Like most cutting-edge innovations these days, DevOps poses a dilemma for business: should you build your DevOps from scratch leveraging your already considerable investments in your IT department, or should you outsource it and choose DevOps as a service? Actually, this question has more than one correct answer, and let’s see why.

It’s been more than 12 years since DevOps methodology shook up the digital market, winning the undivided attention of IT executives worldwide. During these years, thousands of specialists provided their explanation of DevOps and how it should work — so many experts, so many opinions. However, one point is clear: everyone recognizes that DevOps is all about simplification of software delivery processes for faster production of high-performing, customer-oriented products. According to an Atlassian survey, 99% of IT professionals said DevOps had a positive impact on their organization by improving the quality of products/services, time to market, and team performance.

That’s why many IT companies are craving to implement DevOps in their teams and looking for an easy way to do so. There are two options: Either they develop their own DevOps team by hiring DevOps engineers, or they turn to professional DevOps outsourcing companies to provide them with DevOps as a service. If you are still deliberating about which DevOps option is good for you, or if you find yourself not completely satisfied with how it was carried out in your organization, this article will come in handy.

In-house DevOps: A long-awaited dream or a nightmare?

According to Glassdoor, ‘DevOps Engineer’ is ranked 5th of the ten best jobs in America following Java Developer, Data Scientist, Product Manager, and Enterprise Architect, and comes with a median base salary of $110,003. Do organizations want to hire DevOps engineers and develop their own DevOps teams? Of course, they do. In 2021 there were c. 7,000 DevOps job openings. Clearly, there are benefits in having your own DevOps team. But what are they and are they cost-effective? Well, an in-house DevOps team provides control over each phase of the SDLC (software development lifecycle), and so your infrastructure will be tailored to your team’s toolkit and skills. However, for DevOps to work, it has to be implemented correctly. Atlassian’s study found that almost 85% of organizations faced problems when applying DevOps, whether related to a lack of employee skills, outdated infrastructure, or difficulties in adjusting to a new corporate culture.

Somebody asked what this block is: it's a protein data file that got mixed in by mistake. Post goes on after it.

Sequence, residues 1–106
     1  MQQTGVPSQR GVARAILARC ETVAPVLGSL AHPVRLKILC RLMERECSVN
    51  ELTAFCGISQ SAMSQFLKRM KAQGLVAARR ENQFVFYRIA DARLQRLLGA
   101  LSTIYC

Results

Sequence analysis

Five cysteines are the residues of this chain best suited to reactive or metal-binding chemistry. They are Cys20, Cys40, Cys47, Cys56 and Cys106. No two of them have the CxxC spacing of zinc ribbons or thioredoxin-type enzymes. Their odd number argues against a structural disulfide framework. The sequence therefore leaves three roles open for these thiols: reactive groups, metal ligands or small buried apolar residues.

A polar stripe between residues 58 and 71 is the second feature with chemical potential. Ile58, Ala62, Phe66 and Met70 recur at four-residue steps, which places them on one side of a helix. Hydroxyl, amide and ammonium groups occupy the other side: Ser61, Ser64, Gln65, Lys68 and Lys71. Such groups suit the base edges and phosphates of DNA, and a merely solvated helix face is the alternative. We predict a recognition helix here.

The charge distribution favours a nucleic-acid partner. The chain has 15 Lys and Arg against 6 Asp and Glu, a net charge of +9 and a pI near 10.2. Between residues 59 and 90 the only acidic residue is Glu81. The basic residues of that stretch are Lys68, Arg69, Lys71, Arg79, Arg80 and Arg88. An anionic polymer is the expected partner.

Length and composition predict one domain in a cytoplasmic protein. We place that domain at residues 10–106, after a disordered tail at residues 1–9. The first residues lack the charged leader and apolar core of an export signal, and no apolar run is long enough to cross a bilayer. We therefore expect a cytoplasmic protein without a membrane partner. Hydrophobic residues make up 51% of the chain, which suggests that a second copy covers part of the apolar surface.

Source: Glassdoor.com, best jobs in America for 2021

It takes lots of resources to build customized infrastructure and support an in-house DevOps team. As the DevOps base salary is $110,003 a year, this means that you will be paying out each month more than $9,000 (AVG) to a DevOps specialist plus overheads and taxes, which is more than 40% higher than the average USA salary of workers in professional, management, and related occupations. DevOps is of course a very difficult role since DevOps engineers are expected to work with development and IT operations teams, quality control specialists, and production teams to oversee the delivery and release of code features. Moreover, DevOps engineers are expected to have and use well-developed soft and hard skills to expertly bridge the gap between diverse software production teams while seamlessly managing cloud infrastructure. In addition, DevOps engineers must have excellent leadership and business skills to work with teams and clients successfully. We’re sure you will agree that not every ex-developer or ex-sys-admin can grow into a high-performing DevOps expert. Plus, even if DevOps-level salaries do not scare you, the hiring period is long and expensive. Given that the hiring period for a software engineer is about 65 days, with DevOps, it’s logically more protracted and also involves a hefty hiring/onboarding spend, not to mention recruiters’ remuneration, managers’ impact on test tasks/interviews, and so on.